There are 14 firms manufacturing curled hair in the United Kingdom, four in Scotland, three in Liverpool, two in London and five in the remainder of the country. They employ 1,500 workpeople and the whole production of curled hair is of the value of £360,000. The upholstery trade is having a share of prosperity owing to the increasing requirements of the growing motor-car industry, but the home output has in volume remained more or less stationary owing to the bad effect of these large imports of low price second-hand material from the United States. The average price of imported second-hand materials has been something like 37s. 6d. per cwt., and the average price of the cheaper new material is something about 68s. a cwt., so that very little, if any, imported new material will be likely to be caught by the new duty.

10.23 p.m.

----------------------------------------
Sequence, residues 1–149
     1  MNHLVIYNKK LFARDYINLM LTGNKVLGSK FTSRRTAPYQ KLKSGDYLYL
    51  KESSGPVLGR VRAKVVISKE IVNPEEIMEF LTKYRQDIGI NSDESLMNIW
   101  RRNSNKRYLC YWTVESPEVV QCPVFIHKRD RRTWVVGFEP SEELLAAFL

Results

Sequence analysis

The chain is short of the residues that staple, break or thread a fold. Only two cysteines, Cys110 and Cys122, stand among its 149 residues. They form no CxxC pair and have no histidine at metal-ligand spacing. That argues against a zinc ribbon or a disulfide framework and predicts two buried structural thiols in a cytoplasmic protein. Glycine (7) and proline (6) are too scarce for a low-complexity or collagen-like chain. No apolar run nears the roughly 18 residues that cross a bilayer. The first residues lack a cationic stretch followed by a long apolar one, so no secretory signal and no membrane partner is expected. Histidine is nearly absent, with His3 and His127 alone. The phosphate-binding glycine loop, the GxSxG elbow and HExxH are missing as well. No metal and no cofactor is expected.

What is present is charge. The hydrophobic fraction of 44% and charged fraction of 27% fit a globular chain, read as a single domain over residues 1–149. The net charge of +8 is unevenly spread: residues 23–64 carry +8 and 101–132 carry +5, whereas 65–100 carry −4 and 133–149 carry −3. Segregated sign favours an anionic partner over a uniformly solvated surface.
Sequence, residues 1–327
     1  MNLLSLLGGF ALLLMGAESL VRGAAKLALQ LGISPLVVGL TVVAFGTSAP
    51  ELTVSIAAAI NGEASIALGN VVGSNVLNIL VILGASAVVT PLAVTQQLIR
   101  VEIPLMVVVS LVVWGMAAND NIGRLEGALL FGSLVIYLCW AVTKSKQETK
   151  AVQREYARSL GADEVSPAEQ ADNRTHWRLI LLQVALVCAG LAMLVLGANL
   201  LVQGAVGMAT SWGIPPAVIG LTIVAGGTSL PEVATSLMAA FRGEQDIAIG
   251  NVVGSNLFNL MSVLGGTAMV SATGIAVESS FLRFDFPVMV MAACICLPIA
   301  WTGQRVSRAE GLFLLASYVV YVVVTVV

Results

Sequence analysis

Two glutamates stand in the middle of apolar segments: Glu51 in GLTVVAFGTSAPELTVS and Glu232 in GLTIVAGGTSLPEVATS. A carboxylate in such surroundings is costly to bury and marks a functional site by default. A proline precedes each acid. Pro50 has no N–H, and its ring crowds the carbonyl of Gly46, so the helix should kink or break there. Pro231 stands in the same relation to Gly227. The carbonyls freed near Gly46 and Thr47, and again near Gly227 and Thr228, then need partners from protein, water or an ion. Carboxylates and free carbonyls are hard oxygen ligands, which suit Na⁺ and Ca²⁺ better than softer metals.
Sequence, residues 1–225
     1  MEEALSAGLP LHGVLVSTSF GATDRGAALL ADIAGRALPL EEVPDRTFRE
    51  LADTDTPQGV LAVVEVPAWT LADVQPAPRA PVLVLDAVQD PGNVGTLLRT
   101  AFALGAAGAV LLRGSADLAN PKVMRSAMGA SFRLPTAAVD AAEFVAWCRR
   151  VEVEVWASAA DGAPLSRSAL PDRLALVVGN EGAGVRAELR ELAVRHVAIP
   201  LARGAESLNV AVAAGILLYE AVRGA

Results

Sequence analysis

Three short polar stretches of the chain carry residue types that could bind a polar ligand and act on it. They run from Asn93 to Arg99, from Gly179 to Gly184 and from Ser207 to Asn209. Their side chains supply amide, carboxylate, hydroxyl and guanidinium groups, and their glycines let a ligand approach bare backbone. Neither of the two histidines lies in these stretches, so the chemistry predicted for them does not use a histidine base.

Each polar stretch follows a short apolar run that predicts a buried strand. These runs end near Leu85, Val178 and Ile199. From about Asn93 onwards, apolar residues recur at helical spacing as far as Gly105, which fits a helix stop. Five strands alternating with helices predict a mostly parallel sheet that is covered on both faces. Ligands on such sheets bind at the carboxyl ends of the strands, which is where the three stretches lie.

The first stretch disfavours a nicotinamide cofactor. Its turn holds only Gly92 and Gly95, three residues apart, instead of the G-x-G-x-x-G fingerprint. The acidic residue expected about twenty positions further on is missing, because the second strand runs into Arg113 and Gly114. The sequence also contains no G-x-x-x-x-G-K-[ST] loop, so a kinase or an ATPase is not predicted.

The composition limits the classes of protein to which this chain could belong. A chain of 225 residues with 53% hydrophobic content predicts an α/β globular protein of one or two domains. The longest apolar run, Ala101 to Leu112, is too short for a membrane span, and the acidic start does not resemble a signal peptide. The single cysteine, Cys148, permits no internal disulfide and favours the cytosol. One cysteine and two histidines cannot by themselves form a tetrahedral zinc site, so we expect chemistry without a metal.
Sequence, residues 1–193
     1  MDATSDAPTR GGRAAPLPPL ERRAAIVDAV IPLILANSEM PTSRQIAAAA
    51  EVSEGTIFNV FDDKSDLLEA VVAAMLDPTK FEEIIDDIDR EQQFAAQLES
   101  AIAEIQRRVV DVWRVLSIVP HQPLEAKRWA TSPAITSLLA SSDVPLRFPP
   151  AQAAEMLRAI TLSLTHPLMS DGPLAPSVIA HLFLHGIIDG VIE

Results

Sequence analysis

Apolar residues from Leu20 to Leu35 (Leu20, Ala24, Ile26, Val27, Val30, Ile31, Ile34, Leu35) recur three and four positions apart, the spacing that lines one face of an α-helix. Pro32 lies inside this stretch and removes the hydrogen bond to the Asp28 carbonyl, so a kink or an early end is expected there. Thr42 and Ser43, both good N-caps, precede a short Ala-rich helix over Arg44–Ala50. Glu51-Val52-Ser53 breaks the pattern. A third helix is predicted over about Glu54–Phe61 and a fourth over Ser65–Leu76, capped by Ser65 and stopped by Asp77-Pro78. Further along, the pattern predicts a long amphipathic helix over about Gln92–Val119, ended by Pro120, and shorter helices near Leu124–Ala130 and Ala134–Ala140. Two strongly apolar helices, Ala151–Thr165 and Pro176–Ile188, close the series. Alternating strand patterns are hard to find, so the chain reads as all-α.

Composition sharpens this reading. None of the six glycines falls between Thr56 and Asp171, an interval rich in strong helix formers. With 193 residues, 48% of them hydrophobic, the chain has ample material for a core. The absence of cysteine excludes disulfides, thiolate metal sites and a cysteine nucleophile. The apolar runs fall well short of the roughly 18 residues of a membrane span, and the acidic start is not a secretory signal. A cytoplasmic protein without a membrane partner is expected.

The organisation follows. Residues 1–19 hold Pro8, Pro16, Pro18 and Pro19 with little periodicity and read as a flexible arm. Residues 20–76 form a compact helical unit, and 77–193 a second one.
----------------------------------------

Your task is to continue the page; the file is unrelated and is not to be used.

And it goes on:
Surely it is altruism for the Parliamentary Secretary to he interested in anything to do with hair. I gather that the present position has arisen because the United States regards the use of this material as unhygienic and likely, therefore, to cause disease in their country. I should have thought this was not a matter for imposing a tariff but for having such a regulation as would prohibit the use of this material on the same grounds as are advocated in the United States. I should have thought it was far better to recognise that the tariff will not keep this out perpetually, and that sooner or later we shall be faced, as we have been in practically all these matters, with a fresh Order of this kind. Surely the proper thing is to bring the whole matter to the notice of the Home Office and suggest that we should be not less careful with regard to the use of this material than they are in the United States. Already we have regulations dealing with the use of flock and similar matters for bedding material. I hope the Parliamentary Secretary will bring the experience of the United States to the attention of the Home Office in the hope that it may make a similar regulation to that now in force in America.